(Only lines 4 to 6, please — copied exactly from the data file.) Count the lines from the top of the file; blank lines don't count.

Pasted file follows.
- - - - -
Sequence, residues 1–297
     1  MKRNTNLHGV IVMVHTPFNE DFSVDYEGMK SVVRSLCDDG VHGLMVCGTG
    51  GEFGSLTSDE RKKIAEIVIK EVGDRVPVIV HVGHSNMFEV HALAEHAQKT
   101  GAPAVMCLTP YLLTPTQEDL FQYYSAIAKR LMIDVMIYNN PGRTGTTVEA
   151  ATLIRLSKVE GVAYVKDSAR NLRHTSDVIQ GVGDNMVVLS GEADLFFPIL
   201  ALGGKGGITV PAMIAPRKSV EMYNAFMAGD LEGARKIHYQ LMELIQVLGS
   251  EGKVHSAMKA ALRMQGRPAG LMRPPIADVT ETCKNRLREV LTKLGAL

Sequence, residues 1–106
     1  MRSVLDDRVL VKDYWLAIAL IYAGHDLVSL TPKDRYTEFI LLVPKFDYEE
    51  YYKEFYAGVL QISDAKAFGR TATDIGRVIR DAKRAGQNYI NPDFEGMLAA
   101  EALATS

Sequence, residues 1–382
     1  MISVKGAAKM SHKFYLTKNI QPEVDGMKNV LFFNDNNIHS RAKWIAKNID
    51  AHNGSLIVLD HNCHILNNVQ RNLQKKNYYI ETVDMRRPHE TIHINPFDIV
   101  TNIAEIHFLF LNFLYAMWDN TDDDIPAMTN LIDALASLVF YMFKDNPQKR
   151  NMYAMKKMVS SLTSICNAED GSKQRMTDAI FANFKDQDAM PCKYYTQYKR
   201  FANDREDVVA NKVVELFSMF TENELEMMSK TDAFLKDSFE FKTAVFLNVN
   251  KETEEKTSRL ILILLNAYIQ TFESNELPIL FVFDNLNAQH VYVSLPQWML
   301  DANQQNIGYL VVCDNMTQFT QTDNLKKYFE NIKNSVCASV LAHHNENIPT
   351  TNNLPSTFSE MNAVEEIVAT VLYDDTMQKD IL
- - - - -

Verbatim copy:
   101  GAPAVMCLTP YLLTPTQEDL FQYYSAIAKR LMIDVMIYNN PGRTGTTVEA
   151  ATLIRLSKVE GVAYVKDSAR NLRHTSDVIQ GVGDNMVVLS GEADLFFPIL
   201  ALGGKGGITV PAMIAPRKSV EMYNAFMAGD LEGARKIHYQ LMELIQVLGS